Travel Diary | Lanzarote | Wine, Aloe Vera & César Manrique
12th July 2016
This post follows on from the post I shared last week about Timanfaya National Park on Lanzarote. We went on a full-day excursion which covered the vast majority of the island, and in this post I’m going to talk about what we got up to in the afternoon.
Later in the day, after our visit to the National Park, we stopped off at Bodegas Rubicón (a winery) to sample some of their award wining wines produced in Lanzarote. Tyrone opted for the white and I went for rosé, but we tried each others and they were both delicious.
Because of the strong winds on Lanzarote, the grape vines are protected by these crescent shaped walls. They look pretty odd on the landscape of the island.
After lunch we travelled to an aloe vera plantation. As you are probably aware, aloe vera has many benefits for the skin and also your digestive system if you eat it. Although I wouldn’t eat too much if I were you!
At the plantation, a guide demonstrated how to cut up a aloe vera leaf to reveal the gel inside. We were given chunks of fresh aloe vera to either rub into our skin or to eat. There were lots of people rubbing it into their sun burn!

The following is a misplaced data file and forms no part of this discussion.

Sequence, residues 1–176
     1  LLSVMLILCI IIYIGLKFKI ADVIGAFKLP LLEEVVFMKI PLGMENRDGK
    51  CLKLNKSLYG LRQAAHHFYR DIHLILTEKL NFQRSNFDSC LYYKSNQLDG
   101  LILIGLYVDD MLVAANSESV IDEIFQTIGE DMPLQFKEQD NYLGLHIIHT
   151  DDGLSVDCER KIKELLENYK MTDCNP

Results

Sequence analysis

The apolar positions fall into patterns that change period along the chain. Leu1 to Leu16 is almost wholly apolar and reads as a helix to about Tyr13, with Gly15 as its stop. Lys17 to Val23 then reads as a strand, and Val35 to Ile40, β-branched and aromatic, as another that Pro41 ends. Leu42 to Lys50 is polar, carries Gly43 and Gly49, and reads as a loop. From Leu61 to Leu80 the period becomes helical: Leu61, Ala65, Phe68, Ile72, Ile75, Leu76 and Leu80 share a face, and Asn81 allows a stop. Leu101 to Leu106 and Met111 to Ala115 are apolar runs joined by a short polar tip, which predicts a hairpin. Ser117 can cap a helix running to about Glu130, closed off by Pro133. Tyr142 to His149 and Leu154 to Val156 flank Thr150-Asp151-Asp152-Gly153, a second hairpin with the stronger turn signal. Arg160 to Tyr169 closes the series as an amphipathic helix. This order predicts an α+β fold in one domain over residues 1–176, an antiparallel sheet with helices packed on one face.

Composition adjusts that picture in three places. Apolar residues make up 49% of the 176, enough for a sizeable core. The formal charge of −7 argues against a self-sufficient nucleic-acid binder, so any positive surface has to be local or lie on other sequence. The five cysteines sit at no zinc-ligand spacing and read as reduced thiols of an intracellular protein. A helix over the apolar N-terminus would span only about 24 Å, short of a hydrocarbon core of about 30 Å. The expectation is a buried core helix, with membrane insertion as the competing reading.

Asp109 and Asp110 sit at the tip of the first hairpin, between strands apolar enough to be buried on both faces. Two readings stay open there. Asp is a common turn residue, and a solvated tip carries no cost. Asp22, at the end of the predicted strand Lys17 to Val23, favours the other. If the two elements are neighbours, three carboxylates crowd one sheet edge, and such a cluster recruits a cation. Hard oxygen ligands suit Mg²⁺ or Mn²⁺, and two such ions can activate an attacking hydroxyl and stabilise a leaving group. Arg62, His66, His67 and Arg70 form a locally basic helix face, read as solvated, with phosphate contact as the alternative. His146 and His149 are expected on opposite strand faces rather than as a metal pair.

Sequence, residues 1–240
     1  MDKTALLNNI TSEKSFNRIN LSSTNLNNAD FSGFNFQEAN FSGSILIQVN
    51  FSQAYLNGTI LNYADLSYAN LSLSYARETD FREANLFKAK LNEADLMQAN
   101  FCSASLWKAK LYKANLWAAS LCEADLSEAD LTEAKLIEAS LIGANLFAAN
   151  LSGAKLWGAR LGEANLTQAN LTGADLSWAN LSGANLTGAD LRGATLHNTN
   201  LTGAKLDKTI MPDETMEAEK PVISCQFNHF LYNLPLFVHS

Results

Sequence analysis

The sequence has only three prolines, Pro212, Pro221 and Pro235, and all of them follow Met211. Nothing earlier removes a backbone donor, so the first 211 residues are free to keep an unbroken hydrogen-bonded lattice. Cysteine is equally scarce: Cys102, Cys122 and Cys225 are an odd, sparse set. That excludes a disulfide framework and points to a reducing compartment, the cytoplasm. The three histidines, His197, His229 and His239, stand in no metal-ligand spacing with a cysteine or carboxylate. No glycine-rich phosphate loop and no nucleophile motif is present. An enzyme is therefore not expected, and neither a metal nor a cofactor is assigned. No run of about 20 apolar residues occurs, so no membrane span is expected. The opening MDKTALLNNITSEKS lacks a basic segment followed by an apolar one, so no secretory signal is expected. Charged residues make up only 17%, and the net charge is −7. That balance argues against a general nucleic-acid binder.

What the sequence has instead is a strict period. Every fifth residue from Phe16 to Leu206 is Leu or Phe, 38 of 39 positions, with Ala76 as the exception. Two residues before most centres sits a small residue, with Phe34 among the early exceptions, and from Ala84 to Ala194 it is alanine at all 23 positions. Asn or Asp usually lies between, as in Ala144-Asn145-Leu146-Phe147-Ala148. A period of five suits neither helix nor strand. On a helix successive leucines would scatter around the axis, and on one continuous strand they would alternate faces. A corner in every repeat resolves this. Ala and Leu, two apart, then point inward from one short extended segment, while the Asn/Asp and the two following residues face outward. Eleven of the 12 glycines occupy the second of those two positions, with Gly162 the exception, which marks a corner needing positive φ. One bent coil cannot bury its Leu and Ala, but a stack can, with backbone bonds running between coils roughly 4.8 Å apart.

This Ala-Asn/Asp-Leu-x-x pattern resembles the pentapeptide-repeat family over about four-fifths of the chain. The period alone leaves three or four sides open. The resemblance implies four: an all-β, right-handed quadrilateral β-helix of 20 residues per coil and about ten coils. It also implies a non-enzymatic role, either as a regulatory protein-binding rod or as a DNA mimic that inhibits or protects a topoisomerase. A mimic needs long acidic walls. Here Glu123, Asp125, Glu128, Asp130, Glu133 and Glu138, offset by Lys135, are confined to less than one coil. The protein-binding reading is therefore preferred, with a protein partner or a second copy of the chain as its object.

There was a little shop on the site where we were given aloe vera liqueur and cake to try. The guide then made an aloe vera cocktail with raspberries. Tyrone seemed to enjoy it but I’m just not a fan of the taste.
Our final stop of the day was the César Manrique Foundation.
César Manrique was an artist and architect who was lived on Lanzarote and had a great influence of the development of the island. For example, he is the reason why there are no high rise buildings on the island (apart from the Arrecife Gran Hotel in the capital, Arrecife, which sticks out like a sore thumb) and why all the buildings are either cream or white.
The Foundation used to be César Manrique’s home, and let’s just say, it’s interior goals. The ground floor of his home is made up of 5 volcanic bubbles, each with a different colour scheme, and one bubble being home to a gorgeous swimming pool. As someone who loves their volcanoes this really is my dream home.
His home also houses his art work and architecture designs, and is surrounded by some pretty cool windmills that he designed as well.
Manrique was killed in a car accident in 1992 right outside the Foundation. According to our guide, just months after he died they started work on changing the junction to a roundabout to make it safer, and now there is a giant windmill in the centre.
I had no idea who this guy was before I visited Lanzarote, but it seems like a pretty influential guy. He even designed that restaurant on top of the volcano.
If you’d like to catch up with my last post on Lanzarote, you can find it here.
My next and final post on Lanzarote is all about what I wore, and it’s my first ever attempt at an outfit post. So hopefully you’ll enjoy that too.